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Vancouver History, Halloween, History

Haunted Vancouver: Murder on Melville Street

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Forbidden Vancouver Oct 24, 2016 8:00 am 7,516

Written for the Daily Hive by Lani Russwurm at Forbidden Vancouver Walking Tours.


Nestled in a field of glass condo towers, an old 1911 brownstone apartment building sits at 610 Jervis Street in Vancouver’s West End.

The building had a fleeting moment of paranormal fame as Dana Scully’s home in the pilot episode of the original X-Files TV series, but an earlier generation knew a different building there, an infamous house that stood on the same spot in 1905.

Back then it was 1284 Melville Street, the home that Thomas Jackson returned to just days after Halloween following a business trip, drank his favourite beverage (beer with Epsom salts), and dropped dead from strychnine poisoning.

Aerial view of the brownstone at 610 Jervis Street and its glass tower neighbours. In 1905, the house Thomas Jackson was murdered in stood on this site. Photo from Google Earth.

Aerial view of the brownstone at 610 Jervis Street and its glass tower neighbours. In 1905, the house Thomas Jackson was murdered in stood on this site. Photo from Google Earth.

It appeared to be a classic whodunit murder mystery, but Vancouver police in 1905 were not the most skilled detectives. Though it was standard practice in other cities, they weren’t yet in the habit of collecting fingerprints, and Jackson’s wife insisted that the glass submitted as evidence was not even the glass he drank from.

Everyone who resided in the house agreed that the doors were securely locked for the night, making those inside the only potential suspects. They included Jackson’s wife, Teresa, her mother, Esther Jones, and two boarders, Esther’s nephew, Harry Fisher, and Ernest Exall.

Mrs Jackson also drank some of the questionable concoction. Even before Thomas became ill, she buckled over insisting that she was dying. Teresa recovered fully, but doctors couldn’t agree what would cause the symptoms she exhibited. One said she suffered from hysteria, and another conceded that it may have been strychnine poisoning.

The coroner’s office identified the poison by feeding pieces of Jackson’s stomach to two unfortunate dogs, who died in a manner consistent with strychnine poisoning. The jury from the coroner’s inquest concluded that Thomas Jackson was “poisoned by some person or persons at present unknown.”

1270 Melville Street in 1890, on the same block as the house where Thomas Jackson was murdered. Photo from City of Vancouver Archives #Bu P221

1270 Melville Street in 1890, on the same block as the house where Thomas Jackson was murdered. Photo from City of Vancouver Archives #Bu P221

The case gripped Vancouver for months, but the demise of Thomas Jackson soon became one of the less interesting parts of the story. In 1905 the World newspaper received a letter from a man claiming that supposed boarder at the house Harry Fisher was actually Fred Jones, Esther’s son and Teresa’s brother. The family denied it, swearing affidavits to the contrary, but the World found evidence that said otherwise.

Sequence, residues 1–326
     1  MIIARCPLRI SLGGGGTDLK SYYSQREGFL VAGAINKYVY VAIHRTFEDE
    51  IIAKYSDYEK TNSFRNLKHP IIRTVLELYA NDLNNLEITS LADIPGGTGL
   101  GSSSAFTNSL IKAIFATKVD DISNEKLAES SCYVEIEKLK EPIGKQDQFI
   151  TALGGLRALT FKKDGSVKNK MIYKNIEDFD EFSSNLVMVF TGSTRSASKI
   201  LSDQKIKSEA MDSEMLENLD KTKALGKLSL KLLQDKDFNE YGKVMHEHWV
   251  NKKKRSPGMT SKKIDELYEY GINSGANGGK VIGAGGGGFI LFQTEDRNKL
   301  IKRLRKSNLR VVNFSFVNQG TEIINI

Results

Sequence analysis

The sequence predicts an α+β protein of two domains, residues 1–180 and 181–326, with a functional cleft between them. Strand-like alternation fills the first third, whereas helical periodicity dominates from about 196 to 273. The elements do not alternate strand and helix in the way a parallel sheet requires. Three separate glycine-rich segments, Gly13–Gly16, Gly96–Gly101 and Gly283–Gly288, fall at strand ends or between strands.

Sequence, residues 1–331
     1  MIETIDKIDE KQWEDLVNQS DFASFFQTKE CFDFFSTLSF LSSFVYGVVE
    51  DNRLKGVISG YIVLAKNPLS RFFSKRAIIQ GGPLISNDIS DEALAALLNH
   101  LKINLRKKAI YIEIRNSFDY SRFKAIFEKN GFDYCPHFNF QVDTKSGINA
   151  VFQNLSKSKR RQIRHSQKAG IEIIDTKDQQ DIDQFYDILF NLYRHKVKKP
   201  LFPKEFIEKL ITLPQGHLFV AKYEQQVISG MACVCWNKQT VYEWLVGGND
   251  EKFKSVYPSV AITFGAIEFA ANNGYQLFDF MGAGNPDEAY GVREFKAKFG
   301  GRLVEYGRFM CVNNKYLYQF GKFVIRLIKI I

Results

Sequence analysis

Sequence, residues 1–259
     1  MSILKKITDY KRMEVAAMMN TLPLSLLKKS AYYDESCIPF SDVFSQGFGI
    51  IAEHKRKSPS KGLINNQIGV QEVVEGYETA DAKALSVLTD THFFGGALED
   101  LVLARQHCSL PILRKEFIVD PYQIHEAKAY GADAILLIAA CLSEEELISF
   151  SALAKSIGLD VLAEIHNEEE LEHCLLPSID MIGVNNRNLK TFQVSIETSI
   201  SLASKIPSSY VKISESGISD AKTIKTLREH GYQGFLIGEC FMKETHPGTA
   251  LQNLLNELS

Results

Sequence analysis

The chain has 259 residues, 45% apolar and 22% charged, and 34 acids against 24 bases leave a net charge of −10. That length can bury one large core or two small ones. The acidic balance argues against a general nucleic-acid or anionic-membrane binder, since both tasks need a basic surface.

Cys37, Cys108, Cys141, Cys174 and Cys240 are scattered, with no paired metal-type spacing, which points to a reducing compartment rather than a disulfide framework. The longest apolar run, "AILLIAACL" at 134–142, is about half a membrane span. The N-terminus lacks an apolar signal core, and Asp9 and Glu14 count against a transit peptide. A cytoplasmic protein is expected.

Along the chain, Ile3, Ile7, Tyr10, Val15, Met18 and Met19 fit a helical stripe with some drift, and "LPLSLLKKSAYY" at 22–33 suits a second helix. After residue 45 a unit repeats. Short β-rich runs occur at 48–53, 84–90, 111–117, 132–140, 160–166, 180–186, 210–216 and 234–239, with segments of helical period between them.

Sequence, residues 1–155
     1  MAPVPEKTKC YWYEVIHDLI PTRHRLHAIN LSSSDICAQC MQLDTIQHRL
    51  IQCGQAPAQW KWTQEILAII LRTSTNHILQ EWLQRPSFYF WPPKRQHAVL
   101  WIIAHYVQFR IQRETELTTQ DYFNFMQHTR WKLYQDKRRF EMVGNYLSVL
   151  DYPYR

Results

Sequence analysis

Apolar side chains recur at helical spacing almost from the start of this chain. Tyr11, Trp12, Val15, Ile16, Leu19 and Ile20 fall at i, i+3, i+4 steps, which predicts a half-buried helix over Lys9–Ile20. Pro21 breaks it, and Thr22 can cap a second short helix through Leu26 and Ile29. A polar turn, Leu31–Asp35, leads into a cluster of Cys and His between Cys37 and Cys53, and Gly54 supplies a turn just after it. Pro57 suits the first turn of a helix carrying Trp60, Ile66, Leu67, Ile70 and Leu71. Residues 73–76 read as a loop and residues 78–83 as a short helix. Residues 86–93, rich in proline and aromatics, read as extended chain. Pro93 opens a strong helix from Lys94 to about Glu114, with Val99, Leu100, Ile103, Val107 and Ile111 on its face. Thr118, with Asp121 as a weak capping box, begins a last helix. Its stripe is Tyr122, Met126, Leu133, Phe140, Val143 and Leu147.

It turned out that Fred had changed his name to Harry Fisher to help conceal a three-year stint he did for forgery in the BC Penitentiary. Teresa and Esther were arrested and convicted not for murder, but perjury for lying at the coroner’s inquest. Harry managed to slip into the States and successfully avoided extradition.

Headline from the Vancouver Daily World, 7 February 1906.

Headline from the Vancouver Daily World, 7 February 1906.

The most damning evidence at the perjury trial came from two women brought up from Madison, Ohio, where the Jones family were from. They agreed to the long trip only after being assured that Esther’s husband was dead, as “there was a genuine fear of the family.”

“We were afraid we might be shot,” the witness said. “In my country if I say anything you do not like you are liable to shoot me for it.” She was informed that that was not the custom in the British Empire.

The World dug further into the family’s history and reported that aside from Fred/Harry’s forgery, Teresa had been charged with stealing a screen door and Esther had been tried and acquitted for embezzling grocery money from a dying man in Victoria. At the time of Thomas Jackson’s death, Esther was scheduled to appear in court for allegedly grabbing a rent receipt out of her landlord’s hand without giving him rent money.

Built in 1911, 610 Jervis Street opened as The Felix and later became The Banffshire. Before that, a house stood on this site with the address 1284 Melville Street, where Thomas Jackson died a mysterious death. Photo from Google Streetview.

Built in 1911, 610 Jervis Street opened as The Felix and later became The Banffshire. Before that, a house stood on this site with the address 1284 Melville Street, where Thomas Jackson died a mysterious death. Photo from Google Streetview.

Esther and Teresa were sentenced to 12 and nine months respectively. Ernest Exall, their former boarder, faithfully visited the pair in prison. Teresa also received a visit from Frank Springer from the Imperial Life Assurance Company, who gave her a $1000 cheque for the death of her husband.

As for poor Thomas, given the circumstances of his death, it’s doubtful he rests in peace. If you go by the corner of Melville and Jervis, stop and listen closely. Perhaps you’ll hear the faint voice of a man grumbling about the strange taste of his nightly glass of beer.

For more stories of lost Vancouver souls, check out Forbidden Vancouver walking tour the Lost Souls of Gastown this Halloween season, running every night until November 1.


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